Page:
Home News ROMANCING THE SKULL

ROMANCING THE SKULL

1612
SHARE
Gallery Curator Julie McLaren with an item from the latest fascinating exhibition at the Art Gallery of Ballarat.

THE skull is being celebrated in a fascinating exhibition at the Art Gallery of Ballarat from 14 October 2017 to 28 January 2018.

Romancing the Skull is a celebration of all things related to the skull, its power as a symbol representing not just death and danger, but rebellion, defiance and a ‘devil may care’ view of life itself.

Gallery Curator Julie McLaren, says the core of the exhibition will be skulls and skeletons as they are featured in Australian contemporary art, but the exhibition will also take sideways glances at historic imagery such as medieval Dances of Death, pirate flags, poison bottles and tattoo art.

“The skull has always been an iconic symbol, and it is frequently featured in art.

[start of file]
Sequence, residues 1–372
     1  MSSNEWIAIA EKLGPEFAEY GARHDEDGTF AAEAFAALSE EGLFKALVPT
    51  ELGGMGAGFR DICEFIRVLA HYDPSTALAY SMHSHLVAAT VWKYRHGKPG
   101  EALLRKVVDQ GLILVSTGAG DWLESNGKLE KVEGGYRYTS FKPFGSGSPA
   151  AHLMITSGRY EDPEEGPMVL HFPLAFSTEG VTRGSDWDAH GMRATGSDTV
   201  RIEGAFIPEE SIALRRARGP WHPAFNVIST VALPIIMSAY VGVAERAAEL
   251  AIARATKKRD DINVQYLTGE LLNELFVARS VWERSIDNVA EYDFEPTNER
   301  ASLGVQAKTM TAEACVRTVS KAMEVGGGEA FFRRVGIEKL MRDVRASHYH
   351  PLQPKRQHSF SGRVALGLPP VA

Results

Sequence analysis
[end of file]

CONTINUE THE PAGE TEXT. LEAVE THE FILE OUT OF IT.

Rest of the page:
This tribute to the skull puts the question, ‘why has it been so fascinating for so long to so many people?” she asked.

The exhibition coincides with Dia de Muertos celebrations, with the Day of the Dead Festival moving from Federation Square in Melbourne to Ballarat on 4 November.

More than twenty prints by Mexican artist José Guadalupe Posada (1852– 1913) – long associated with the Day of the Dead – will be on show to Australian audiences for the first time.

Other exhibition highlights include a woodcut print from the renowned Nuremberg Chronicle of 1493 depicting one of the earliest Danse Macabre (Dance of Death) images, and Australian artist Shaun Gladwell’s Virtual Reality work Orbital Vanitas 2016, which debuted at the Sundance Film Festival earlier this year.

Romancing the skull will include also works commissioned specially for the exhibition by Fiona Hall, Rekko Rennie and Sally Smart, as well as works by contemporary Australian artists Sam Jinks, Rona Green, and Ben Quilty.

The exhibition will include events, talks, an educational program, and school holiday activities. Visitors with a real skull tattoo can gain entry for just $10 – provided it can be shown without offending public decency!